MINNEAPOLIS (WCCO) — Companies in Minnesota that are challenged to stay fully staffed could turn to overlooked or underutilized workers. The unemployment rate in this country fell to its lowest level in 16 years last month at 4.3 percent. Minnesota’s rate is below that at 3.7 percent. However, Minnesota is unique. As Baby Boomers retire, and companies expand, there’s a gap in the workforce. The Minnesota Chamber of Commerce has identified what it calls “hidden talent pools.”
People ready to work are all around us, according to Bill Blazar with the Chamber.
“It’s an underutilized set of Minnesotans. It’s a group of individuals who are eligible to work but aren’t,” Blazar said.
He calls unemployment rates deceptive because they don’t include people who have stopped looking or haven’t looked in a while. And it’s imperative to the state’s success that employers look at overlooked populations to fill the growing need.
“We have immediately sort of the confluence of a good economy and a bunch of baby boomers getting ready to retire. I don’t think a business can run or hide from this problem or this challenge,” Blazar said.
In his role as senior vice president for public policy and business development, Blazar hears the workforce needs of companies daily. He identifies these groups as hidden talent pools that can help fill the void: moms returning to the workforce, people who have spent time in jail, people with disabilities, African-American men ages 18 to 25 and immigrants and refugees.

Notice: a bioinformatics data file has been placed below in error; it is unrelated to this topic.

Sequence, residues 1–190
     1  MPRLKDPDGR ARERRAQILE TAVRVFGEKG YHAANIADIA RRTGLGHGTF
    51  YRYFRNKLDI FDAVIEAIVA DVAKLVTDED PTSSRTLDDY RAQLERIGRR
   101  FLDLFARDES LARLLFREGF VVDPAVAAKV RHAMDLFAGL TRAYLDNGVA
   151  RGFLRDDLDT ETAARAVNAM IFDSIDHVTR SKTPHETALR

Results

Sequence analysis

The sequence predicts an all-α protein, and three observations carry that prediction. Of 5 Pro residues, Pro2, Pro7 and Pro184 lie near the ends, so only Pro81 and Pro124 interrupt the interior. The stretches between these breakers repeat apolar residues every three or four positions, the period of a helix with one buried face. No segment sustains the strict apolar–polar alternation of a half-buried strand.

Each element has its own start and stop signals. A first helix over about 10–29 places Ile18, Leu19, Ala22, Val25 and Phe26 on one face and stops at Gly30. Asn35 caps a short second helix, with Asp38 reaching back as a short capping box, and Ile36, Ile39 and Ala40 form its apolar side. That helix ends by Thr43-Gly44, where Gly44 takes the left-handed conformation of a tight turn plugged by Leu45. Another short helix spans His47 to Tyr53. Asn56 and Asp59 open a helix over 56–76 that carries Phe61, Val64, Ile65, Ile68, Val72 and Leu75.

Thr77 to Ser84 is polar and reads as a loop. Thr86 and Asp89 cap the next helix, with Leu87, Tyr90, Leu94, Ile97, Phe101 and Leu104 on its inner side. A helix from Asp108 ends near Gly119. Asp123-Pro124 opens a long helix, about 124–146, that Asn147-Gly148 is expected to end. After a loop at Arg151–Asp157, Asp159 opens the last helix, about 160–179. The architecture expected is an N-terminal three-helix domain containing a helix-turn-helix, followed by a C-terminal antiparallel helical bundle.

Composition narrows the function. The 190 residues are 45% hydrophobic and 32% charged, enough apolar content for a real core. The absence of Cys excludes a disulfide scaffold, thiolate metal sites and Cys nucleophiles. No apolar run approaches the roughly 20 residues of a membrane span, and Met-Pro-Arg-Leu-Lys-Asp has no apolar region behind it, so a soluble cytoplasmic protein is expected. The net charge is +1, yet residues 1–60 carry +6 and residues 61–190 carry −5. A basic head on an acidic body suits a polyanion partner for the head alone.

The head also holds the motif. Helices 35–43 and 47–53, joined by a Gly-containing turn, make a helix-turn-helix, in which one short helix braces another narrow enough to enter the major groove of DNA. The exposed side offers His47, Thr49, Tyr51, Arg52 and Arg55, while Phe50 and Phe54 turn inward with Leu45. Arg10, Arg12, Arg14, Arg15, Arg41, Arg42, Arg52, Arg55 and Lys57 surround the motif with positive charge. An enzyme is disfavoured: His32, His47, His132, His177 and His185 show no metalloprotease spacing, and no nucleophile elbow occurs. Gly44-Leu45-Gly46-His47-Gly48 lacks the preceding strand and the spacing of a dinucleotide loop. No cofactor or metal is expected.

“We’ve got to adapt and change our hiring practices, our recruiting practices, the way we advertise. To get more people that either the traditional system has excluded or overlooked into the job pool,” Blazar said.
The Chamber recognized CentraCare Health in St. Cloud as a company that exemplifies what it means to diversify and meet the needs of employees.
“We need to make sure that our employees are diverse, we mirror our community plus our diverse employee’s offer enormous richness to who we are as an organization,” CEO Dr. Kenneth Holmen said.
Holmen simply calls it good business.
“You will not stay in business if you don’t recognize how the world changes, how you need to change as an employer and how your consumers or customers or in our case patients are changing as well,” Holmen said.
He said the company takes pride in helping employees overcome barriers, whether it’s learning English, training in a certain skill set or becoming certified. And Holmen emphasizes the importance of creating a career path rather than just filling a vacancy.
“Our job is to identify that opportunity, offer it to them but also give them tools to be successful in that opportunity,” Holmen said.
Blazar stresses companies must change their hiring strategies, embrace diversity and cast a broader net to stay fully staffed.
“Here are folks who are fully capable of working. These are people that want to be successful. They can be great workers,” Blazar said.
Click here to learn more about the Chamber’s MN Job Match which partners with companies to connect job candidates with employers.